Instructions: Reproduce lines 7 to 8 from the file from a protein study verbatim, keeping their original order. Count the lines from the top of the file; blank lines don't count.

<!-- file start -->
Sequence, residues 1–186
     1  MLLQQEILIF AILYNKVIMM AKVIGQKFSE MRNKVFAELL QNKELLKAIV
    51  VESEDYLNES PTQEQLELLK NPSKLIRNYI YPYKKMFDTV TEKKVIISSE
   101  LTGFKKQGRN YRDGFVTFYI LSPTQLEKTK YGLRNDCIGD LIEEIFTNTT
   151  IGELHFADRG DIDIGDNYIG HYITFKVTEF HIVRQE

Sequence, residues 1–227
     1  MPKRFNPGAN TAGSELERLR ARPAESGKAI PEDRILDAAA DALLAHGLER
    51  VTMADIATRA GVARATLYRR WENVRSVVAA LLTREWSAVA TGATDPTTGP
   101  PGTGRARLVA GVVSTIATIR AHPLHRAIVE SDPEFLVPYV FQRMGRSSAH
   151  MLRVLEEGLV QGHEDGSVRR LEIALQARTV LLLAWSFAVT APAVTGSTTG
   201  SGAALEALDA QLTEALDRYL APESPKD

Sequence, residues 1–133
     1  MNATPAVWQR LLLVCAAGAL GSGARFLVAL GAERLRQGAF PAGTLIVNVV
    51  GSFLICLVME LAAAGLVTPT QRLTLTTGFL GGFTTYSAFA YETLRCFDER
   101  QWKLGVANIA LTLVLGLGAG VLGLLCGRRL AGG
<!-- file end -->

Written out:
     1  MPKRFNPGAN TAGSELERLR ARPAESGKAI PEDRILDAAA DALLAHGLER
    51  VTMADIATRA GVARATLYRR WENVRSVVAA LLTREWSAVA TGATDPTTGP